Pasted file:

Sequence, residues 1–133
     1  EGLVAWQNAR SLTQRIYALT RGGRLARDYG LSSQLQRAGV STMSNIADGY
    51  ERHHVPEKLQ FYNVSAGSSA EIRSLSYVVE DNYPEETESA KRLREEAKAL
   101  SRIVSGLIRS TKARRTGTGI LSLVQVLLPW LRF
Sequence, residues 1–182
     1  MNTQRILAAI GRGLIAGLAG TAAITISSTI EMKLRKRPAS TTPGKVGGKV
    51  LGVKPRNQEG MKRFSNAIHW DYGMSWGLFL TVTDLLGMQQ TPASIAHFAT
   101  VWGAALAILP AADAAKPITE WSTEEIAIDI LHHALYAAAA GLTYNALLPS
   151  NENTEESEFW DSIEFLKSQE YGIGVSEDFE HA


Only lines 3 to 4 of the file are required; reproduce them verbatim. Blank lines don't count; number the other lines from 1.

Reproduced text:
    51  ERHHVPEKLQ FYNVSAGSSA EIRSLSYVVE DNYPEETESA KRLREEAKAL
   101  SRIVSGLIRS TKARRTGTGI LSLVQVLLPW LRF